Angie giggled, her usual inappropriate response when she was nervous. Mark was her boss. They both worked at a large newspaper in the city. He was her senior editor now, though they had worked the ranks together as co-workers for years. He wouldn’t, no couldn’t understand how she was feeling at the moment. He did this all the time for work and leisure. And he also had ample sources of confidence, whereas she was sadly lacking in such stores. It was time to be honest.
“I’m just so nervous.”
Mark laughed again and Angie glared at him. He was the experienced one, wise in the mysterious and exotic world of BDSM.
“I’ll be there to help you, and because of what you’re wearing they’ll know you’re only there to observe, not to participate.”
Angie sighed and looked down at her black, plain clothes that covered almost every inch of available skin. Mark loved this scene, but had told her he didn’t participate. He found it interesting as so many other people did and he had the courage to do something about that interest.
Mark wrote a column on the BDSM scene and Angie had read every word he had ever written. Thanks to him, she knew what to wear, but still didn’t know exactly what to expect. Angie had fooled
herself into thinking she would be okay with something this far out of her comfort zone.
Mark pulled up outside a large house in a quiet family suburb. The house was triple story, if you included the garage, and looked like any other family home. You would never know something was going on nearby except for the multitude of cars lining the street.
“Is this it? Apart from all the cars, it looks so normal.”
Mark laughed and got out of his black SUV. Angie waited as he shut his door and walked around to her side. He had always done this and she wouldn’t be the one to put him off the gentlemanly behavior that was so rare in men nowadays.
“Young lady.” http://www.evernightpublishing.com/timing-is-everything-by-tamsin-baker/
New Release: Hidden Talents
“You look amazing Amanda, but why did you go all out for this party?”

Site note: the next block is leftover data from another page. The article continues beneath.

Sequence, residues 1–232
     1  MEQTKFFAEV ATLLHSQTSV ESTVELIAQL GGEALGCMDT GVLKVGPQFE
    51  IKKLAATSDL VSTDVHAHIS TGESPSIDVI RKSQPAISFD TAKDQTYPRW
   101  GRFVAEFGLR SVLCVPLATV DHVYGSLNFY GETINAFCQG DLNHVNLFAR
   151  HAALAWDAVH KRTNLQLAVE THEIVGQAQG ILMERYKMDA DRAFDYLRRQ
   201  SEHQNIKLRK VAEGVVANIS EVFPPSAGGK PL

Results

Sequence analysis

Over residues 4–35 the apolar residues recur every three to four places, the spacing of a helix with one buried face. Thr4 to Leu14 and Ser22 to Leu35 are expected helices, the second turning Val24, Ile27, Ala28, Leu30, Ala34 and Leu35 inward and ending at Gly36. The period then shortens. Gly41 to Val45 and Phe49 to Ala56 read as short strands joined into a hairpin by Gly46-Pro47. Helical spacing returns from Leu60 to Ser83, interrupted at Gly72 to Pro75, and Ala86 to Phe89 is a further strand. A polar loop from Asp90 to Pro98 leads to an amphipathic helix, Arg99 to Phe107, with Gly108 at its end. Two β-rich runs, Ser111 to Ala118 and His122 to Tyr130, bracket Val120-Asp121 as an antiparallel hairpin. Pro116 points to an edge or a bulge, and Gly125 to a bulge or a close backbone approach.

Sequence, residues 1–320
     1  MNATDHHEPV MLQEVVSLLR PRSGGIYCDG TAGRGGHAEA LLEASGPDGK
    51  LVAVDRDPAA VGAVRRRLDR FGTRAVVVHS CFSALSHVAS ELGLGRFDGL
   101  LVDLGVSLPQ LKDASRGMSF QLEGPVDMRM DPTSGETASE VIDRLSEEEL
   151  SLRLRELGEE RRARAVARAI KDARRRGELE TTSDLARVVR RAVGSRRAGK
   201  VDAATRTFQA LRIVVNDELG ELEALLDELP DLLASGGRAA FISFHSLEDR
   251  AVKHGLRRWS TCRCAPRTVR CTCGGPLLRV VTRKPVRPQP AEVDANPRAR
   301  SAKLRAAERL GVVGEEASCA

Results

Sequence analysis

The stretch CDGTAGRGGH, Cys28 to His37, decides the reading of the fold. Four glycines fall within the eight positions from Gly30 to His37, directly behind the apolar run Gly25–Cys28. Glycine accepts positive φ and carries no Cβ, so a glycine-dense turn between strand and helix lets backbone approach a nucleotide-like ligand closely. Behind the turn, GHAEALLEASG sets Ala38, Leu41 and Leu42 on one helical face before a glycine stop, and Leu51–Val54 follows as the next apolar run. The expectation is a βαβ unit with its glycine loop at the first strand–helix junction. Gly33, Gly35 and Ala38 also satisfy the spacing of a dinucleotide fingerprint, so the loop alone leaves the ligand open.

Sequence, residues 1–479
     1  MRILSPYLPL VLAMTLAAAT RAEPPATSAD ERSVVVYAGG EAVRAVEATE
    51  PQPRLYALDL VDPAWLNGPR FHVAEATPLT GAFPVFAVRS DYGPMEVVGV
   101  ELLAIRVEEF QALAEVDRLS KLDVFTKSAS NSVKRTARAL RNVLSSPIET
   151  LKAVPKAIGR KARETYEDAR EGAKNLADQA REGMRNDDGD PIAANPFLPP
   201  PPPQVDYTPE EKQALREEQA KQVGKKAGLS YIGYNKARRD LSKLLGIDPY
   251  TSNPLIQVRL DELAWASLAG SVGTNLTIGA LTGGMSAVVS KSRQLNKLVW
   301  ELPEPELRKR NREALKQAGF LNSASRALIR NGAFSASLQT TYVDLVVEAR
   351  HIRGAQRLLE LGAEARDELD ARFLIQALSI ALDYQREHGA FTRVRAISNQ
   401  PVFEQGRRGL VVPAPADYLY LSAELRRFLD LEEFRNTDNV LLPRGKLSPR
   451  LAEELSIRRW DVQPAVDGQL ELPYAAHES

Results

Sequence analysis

I laughed at the look on my best friend’s face. Stretching my arms wide, I twirled in my little black dress. My body wasn’t thin by anyone’s stretch of the imagination, but I fit into most size twelves. This dress suited me to perfection.
I couldn’t help laughing as my plumper, shorter friend turned green with envy. I didn’t often get to tease Natalie, but tonight my mood begged for the play.
She frowned again.
“It isn’t just the dress, what’s with the makeup? The hair too?”
I batted my well made up eyelashes and pursed my slicked full lips. Generally considered
pretty, I rarely went to the effort to accentuate my bright blue eyes, clear skin and dark blonde hair. Lately I had been in low spirits, which meant the need to dress up was strong. Never once had it failed to make me feel better.
“I haven’t been out in a while so putting in a little extra work seemed like the thing to do.”
As a tray filled with bite size pieces of sushi passed by us, I began salivating. I absolutely loved finger food, you could eat so much more and also you could try everything. Lucky these events were few and far between or fitting into this dress again anytime soon would be a problem.
“Wow, he is even better looking in real life, check him out.” http://store.secretcravingspublishing.com/index.php?main_page=book_info&cPath=4&products_id=603
You know the best thing about writing? It’s this. Unlike with your kids, your spouse, driving a car, or doing a normal job, you are totally in control. I mean, don’t get me wrong, there are rules you have to follow. Grammar stuff and erh....grammar stuff. But the creative stuff? You get to choose.
You want to write a mermaid? Go for it.You want her to be less the lullaby-singing, land-man-loving good girl and more the heat-packing, arse-kicking, potty-mouthed kinda gal? Knock yourself out.
You want her to have the hottest love triangle EVER just so you can use this tag line? It's time to get wet. Hey, it’s your show.